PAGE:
- You have plenty of food, water, batteries, and other supplies on hand to last you several days after the hurricane has made landfall in your area.
- Your home has a backup generator and can provide plenty of power for basic needs (cooling/heating, cooking, and minimal lighting) for the duration of any utility outages.
- Your vehicles have enough fuel for you to leave home and get to your destination if it is necessary and safe to do so.
These are the items you’ll need if you’re staying put at home during a hurricane
What If You Live In A Mobile Home Or Manufactured Home?
I’ve already mentioned why I chose to stay in a hurricane shelter — even though, at the time, I lived in a concrete block home that was not located in an evacuation zone.
But what if you live in a mobile home (manufactured home) or a wood frame home, and you’re not living in a storm surge evacuation zone?
Those who live in manufactured homes are often ordered to evacuate during hurricanes anyway — because most of these structures are not designed to withstand hurricane-force winds.
Even if you live in a manufactured home that is engineered to withstand strong hurricanes, many experts will still advise you to leave — because it might still be at risk of severe damage.
For example, one study suggests 80% of wind damage to manufactured homes is caused by weaker attachments (such as awnings) ripping off the structure from strong gusts of wind. So wind damage might still be inflicted on your manufactured home — even if it is technically rated to withstand winds from a major hurricane.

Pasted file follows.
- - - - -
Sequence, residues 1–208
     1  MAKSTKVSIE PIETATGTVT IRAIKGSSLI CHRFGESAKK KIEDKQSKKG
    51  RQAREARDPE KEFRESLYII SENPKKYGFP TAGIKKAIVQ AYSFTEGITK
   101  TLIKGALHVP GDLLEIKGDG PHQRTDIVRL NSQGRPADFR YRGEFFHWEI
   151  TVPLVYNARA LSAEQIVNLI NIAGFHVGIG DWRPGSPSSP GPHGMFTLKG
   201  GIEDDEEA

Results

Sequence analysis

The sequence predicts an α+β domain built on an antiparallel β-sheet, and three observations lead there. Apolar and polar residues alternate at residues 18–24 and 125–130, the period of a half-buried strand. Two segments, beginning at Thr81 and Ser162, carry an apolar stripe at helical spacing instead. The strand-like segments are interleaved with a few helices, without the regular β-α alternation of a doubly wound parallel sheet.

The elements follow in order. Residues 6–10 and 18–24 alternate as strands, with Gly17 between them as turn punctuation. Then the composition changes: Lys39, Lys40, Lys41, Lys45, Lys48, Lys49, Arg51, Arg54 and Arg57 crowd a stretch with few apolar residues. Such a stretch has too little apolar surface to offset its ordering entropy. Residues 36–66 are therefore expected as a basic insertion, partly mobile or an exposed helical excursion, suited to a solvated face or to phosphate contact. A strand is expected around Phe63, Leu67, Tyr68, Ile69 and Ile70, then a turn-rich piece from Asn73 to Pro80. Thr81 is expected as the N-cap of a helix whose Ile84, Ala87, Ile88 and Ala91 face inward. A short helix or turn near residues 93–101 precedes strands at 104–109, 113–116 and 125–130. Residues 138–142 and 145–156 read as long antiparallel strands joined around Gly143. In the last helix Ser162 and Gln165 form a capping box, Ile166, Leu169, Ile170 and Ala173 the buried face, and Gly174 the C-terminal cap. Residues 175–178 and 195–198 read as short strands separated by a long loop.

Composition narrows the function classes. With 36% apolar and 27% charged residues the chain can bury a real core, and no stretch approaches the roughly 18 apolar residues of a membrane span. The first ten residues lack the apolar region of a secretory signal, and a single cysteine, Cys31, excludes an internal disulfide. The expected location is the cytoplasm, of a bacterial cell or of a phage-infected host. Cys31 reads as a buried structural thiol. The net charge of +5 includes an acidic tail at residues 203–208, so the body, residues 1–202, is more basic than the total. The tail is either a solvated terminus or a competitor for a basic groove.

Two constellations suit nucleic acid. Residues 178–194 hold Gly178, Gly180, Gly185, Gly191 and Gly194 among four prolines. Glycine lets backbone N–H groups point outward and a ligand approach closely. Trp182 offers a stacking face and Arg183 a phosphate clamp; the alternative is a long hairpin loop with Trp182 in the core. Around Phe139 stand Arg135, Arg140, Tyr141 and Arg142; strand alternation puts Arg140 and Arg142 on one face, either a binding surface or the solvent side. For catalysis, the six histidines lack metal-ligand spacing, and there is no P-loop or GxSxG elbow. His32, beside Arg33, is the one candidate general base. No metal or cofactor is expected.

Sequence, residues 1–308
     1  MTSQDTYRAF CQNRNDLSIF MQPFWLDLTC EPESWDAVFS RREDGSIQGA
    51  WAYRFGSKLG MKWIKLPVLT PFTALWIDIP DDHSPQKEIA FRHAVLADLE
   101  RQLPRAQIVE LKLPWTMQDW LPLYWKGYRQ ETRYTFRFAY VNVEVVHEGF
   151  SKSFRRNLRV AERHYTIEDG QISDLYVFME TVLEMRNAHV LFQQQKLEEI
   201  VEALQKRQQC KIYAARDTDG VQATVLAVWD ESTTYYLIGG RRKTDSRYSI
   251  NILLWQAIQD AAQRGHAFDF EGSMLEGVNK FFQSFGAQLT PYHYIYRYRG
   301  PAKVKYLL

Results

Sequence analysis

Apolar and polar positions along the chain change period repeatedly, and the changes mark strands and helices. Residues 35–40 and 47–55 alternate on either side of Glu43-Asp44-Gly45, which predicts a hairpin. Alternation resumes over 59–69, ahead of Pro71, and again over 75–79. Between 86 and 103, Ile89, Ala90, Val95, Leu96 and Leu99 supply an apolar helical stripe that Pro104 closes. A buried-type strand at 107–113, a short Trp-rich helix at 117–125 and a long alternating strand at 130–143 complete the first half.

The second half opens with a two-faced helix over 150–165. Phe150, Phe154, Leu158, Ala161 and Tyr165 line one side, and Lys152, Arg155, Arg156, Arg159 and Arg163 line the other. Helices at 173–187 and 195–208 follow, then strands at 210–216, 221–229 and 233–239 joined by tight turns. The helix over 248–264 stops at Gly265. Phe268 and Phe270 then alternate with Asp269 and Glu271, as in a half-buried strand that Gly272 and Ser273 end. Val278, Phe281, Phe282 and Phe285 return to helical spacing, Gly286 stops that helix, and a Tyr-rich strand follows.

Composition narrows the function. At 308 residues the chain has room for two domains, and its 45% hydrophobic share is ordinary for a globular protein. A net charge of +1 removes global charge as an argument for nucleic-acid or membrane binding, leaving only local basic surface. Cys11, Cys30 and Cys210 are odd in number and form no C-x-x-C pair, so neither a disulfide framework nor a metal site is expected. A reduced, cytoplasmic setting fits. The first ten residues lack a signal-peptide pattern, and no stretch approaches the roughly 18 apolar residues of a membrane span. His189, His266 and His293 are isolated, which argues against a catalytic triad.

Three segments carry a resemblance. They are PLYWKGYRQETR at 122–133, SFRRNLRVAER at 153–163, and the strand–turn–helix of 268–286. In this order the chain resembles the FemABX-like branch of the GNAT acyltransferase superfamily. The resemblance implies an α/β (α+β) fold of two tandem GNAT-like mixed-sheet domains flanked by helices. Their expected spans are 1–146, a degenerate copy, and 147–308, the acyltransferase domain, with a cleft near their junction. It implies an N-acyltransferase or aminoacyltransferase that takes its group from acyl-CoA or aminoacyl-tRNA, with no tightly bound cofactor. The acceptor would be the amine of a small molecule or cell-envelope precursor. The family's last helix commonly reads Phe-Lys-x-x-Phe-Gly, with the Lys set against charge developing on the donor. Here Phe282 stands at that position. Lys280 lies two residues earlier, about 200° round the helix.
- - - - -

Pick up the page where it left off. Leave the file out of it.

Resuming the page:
Must read: What Is The Likelihood Of A Hypercane?
What About Wood Frame Homes & Hurricanes?
What should you do if you live in a wood frame house and a hurricane is coming your way?
Modern hurricane construction codes have left their positive impacts on wood frame homes, too. Today, more wood frame homes are hurricane resistant than ever before! Many will survive strong hurricane winds with relatively little damage.
But what if you live in an older wood frame home? In a hurricane, should you stay or should you go?
This one’s a tough call for some folks, but you have to consider whether or not your home has been retrofitted with improvements that are built in accordance with modern hurricane codes.
Hurricane wind upgrades on a wood frame home may include:
- Hurricane ties connecting the roof to the walls
- Fortified windows and doors
- Cable ties connecting the home to concrete-reinforced ground anchors
- Storm shutters on all exterior windows and doors
- A built-in storm room or hurricane shelter
Tips Before You Evacuate And/Or Stay In A Hurricane Shelter